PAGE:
A few words about the disparity in rates found in the collective agreements currently in place. The RQD is not a union that represents or defends one trade against another, but an industry association that looks out for the health of the entire dance ecosystem. As such, it can propose best practices, but does not have the power to impose them. The RQD cannot therefore rule on minimum fees, especially since the fees detailed in collective agreements are usually the result of discussions that reflect the artistic or production contexts of each company.

More broadly, it should be noted that certain types of projects, particularly those related to internet broadcasting, are still not well addressed in these agreements. The issue of copyright and residual rights is also not yet very present.

It is by consulting the various resources mentioned above, by discussing with colleagues and, above all, by talking directly with the other party involved that the users will be able to agree on the appropriate remuneration, depending on the profile of the parties, the production context or any other factor that may influence the monetary aspects.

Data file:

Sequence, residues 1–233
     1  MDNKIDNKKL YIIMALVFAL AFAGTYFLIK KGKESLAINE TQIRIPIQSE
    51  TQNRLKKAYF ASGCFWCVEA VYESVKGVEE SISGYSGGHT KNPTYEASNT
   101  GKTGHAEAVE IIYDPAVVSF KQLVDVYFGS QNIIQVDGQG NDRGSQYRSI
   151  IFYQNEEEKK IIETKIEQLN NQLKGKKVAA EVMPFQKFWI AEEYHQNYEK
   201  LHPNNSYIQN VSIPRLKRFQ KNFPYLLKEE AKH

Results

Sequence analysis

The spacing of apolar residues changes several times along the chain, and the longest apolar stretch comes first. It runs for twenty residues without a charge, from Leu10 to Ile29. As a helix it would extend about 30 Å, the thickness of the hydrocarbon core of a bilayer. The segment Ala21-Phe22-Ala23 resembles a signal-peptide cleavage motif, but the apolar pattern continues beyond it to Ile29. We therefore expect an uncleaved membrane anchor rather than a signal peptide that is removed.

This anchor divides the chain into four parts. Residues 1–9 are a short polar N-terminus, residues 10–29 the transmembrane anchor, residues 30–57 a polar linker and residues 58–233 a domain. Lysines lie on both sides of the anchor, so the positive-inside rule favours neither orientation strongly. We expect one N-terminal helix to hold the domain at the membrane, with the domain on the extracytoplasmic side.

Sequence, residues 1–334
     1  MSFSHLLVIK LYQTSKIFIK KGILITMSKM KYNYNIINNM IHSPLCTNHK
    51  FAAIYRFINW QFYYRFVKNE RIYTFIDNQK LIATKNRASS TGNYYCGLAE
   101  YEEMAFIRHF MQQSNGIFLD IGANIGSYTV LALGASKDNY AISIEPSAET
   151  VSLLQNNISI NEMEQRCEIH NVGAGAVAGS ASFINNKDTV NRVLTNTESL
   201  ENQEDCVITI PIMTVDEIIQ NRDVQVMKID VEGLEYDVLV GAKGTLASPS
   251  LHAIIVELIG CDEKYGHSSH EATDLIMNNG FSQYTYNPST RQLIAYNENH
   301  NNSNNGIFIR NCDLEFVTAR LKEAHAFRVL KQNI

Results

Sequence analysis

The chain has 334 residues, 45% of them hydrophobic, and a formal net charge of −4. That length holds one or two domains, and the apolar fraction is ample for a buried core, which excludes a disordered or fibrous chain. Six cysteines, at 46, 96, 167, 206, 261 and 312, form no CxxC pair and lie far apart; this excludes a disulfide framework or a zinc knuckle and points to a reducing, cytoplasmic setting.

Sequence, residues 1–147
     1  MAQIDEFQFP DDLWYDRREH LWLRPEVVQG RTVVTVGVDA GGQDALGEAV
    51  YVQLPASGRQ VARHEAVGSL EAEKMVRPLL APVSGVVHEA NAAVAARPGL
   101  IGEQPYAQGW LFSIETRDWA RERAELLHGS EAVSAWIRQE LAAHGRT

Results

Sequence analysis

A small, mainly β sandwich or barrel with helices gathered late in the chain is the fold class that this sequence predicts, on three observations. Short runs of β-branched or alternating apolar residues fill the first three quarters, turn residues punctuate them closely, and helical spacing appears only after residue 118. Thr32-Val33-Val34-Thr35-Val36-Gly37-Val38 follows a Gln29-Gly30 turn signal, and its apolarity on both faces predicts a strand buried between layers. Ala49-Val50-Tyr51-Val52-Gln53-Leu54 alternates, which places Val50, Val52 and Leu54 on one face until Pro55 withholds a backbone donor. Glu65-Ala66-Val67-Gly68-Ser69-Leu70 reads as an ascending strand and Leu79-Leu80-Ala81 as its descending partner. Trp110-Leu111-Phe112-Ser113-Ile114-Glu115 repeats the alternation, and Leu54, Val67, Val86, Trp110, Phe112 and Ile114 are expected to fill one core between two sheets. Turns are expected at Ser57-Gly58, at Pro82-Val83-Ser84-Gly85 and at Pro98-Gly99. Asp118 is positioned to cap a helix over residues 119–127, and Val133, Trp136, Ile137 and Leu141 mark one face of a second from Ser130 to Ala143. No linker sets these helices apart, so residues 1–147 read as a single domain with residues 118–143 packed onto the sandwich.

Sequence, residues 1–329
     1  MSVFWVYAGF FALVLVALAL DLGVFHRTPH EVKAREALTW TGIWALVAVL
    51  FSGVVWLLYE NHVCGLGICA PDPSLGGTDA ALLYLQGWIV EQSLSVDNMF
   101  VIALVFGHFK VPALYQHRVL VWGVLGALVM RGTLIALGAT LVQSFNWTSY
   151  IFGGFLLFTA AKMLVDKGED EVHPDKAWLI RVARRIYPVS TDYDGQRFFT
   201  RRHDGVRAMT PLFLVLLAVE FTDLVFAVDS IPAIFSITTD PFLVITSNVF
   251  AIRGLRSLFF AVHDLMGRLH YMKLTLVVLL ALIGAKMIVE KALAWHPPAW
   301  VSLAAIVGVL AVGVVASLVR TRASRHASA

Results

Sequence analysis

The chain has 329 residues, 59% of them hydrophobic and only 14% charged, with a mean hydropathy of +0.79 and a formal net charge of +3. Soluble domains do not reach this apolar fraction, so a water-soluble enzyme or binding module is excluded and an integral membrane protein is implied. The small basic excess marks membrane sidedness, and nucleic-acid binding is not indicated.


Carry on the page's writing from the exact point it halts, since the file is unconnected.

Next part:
Design, research and writing
> George Krump


> Sandrine Pantalacci
> Coralie Muroni

Advisory Committee

> Priscilla Guy
> Valérie Lessard
> Philippe Meunier
> Ismaël Mouaraki
> Nicolas Patry
> Marie-Laurence Rock


> Ariane Boulet

Monitoring Committee

> Daniel Bastien
> Virginie Desloges
> Coralie Muroni

Special Thanks

> To all the people who participated in the workcamps on professional relations in 2014 and 2015.
> To Lorraine Hébert, who was the director of the RQD when the first version of this kit was developed.